Characters in two of the short stories in The Burning House represent definitive types that appear in Beattie’s novels. Ruth in “Learning to Fall,” the collection’s first story, is a loving, nurturing, single parent and friend. She is “learning to fall”—literally, in a dance class, but figuratively as well—to accept the inevitable. Her husband left her while she was pregnant, and her lover admires her but does not want any of the responsibility of Ruth, whose son, Andrew, was damaged in the process of being born.
The narrator of the story, a friend of Ruth, has a sometime lover, Ray, who visits with Andrew and the narrator, showing great gentleness to the two; they regularly take the excursion to New York so that Ruth can entertain her lover in Westport. In a restaurant with Andrew and the narrator, Ray patiently tries to help Andrew locate his gloves. When all three leave the restaurant to return to the street, the narrator sees herself with Ray and Andrew and imagines the possibility of the inevitable relationship. Perhaps she is falling. She decides that at least she can be like her friend Ruth and “aim for grace.”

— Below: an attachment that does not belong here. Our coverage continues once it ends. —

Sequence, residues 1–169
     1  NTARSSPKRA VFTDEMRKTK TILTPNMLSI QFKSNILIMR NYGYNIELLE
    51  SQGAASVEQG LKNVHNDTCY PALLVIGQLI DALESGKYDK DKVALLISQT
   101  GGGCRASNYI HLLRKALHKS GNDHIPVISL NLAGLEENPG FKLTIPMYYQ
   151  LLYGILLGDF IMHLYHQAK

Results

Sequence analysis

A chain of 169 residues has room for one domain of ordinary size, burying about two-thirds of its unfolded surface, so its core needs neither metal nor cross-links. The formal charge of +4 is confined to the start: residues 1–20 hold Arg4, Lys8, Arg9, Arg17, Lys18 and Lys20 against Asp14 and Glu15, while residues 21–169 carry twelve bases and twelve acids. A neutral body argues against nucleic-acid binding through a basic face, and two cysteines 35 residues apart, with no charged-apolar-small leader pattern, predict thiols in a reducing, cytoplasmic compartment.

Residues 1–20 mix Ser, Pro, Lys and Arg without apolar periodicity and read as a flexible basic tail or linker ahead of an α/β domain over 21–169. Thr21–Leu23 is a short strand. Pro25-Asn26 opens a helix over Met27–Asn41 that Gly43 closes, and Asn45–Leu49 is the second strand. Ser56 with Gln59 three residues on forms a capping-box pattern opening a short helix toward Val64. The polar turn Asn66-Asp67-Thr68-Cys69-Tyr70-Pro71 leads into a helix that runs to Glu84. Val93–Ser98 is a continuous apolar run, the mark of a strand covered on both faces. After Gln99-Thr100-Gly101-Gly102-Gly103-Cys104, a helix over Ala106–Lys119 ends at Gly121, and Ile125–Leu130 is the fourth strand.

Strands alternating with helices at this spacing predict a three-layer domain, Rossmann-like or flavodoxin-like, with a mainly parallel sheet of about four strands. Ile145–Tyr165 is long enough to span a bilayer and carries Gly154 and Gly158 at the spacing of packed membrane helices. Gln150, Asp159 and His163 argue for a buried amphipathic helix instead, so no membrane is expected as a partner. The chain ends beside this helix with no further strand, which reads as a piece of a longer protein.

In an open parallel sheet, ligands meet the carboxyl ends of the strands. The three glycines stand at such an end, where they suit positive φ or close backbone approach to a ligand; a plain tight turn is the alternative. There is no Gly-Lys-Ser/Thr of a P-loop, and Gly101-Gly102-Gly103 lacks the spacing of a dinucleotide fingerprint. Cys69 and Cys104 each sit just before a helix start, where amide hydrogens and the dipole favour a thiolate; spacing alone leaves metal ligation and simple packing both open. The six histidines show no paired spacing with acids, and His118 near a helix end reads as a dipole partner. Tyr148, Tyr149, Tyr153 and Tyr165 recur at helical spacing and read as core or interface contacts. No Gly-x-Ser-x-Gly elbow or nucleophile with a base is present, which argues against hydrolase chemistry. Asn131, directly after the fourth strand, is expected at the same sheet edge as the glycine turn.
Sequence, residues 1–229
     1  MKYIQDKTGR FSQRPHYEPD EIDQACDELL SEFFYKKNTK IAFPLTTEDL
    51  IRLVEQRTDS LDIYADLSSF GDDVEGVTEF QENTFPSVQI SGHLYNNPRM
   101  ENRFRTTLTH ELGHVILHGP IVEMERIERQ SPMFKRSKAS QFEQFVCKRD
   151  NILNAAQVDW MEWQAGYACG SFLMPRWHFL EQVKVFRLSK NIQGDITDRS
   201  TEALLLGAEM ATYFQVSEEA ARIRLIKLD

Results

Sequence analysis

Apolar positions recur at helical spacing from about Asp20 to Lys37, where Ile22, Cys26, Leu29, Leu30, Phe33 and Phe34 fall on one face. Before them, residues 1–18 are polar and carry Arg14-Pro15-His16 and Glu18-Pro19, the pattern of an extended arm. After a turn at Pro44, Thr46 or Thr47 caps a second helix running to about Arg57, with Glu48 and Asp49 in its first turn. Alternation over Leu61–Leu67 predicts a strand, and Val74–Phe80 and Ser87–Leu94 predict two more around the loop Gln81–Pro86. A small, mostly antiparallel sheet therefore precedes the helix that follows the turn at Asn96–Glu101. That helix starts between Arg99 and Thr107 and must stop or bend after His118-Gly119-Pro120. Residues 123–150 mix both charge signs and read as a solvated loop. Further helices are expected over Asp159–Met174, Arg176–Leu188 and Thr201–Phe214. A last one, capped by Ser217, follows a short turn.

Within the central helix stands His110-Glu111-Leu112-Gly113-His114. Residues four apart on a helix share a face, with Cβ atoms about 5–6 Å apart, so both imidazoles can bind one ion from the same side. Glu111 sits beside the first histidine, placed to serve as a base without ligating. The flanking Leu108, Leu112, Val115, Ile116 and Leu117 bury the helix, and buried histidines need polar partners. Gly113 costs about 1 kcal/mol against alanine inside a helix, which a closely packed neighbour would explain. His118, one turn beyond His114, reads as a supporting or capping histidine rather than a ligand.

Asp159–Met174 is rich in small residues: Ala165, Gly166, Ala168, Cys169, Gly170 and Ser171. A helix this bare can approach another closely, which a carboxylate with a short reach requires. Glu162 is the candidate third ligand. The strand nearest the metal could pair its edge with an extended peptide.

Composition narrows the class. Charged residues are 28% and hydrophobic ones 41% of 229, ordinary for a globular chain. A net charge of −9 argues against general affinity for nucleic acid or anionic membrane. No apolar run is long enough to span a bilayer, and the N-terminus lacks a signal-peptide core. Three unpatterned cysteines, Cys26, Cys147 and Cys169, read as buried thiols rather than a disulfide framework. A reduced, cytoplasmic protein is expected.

In “The Burning House,” the title story of the collection in which “Learning to Fall” appears, there is a character who may be called a second definitive type. Frank behaves in a way that suggests to the narrator, his wife, that her frustrating marriage is deteriorating. Frank has made the important decisions: He has even “chosen the house,” and the house is burning. In the final scene, with the couple in bed, Frank delivers to his wife what some critics have recognized as the ultimate insult—his conception of the difference between the sexes:Men think they’re Spiderman and Buck Rogers and Superman. You know what we all feel inside that you don’t feel? That we’re going to the stars. . . . I’m looking down on all this from space. . . . I’m already gone.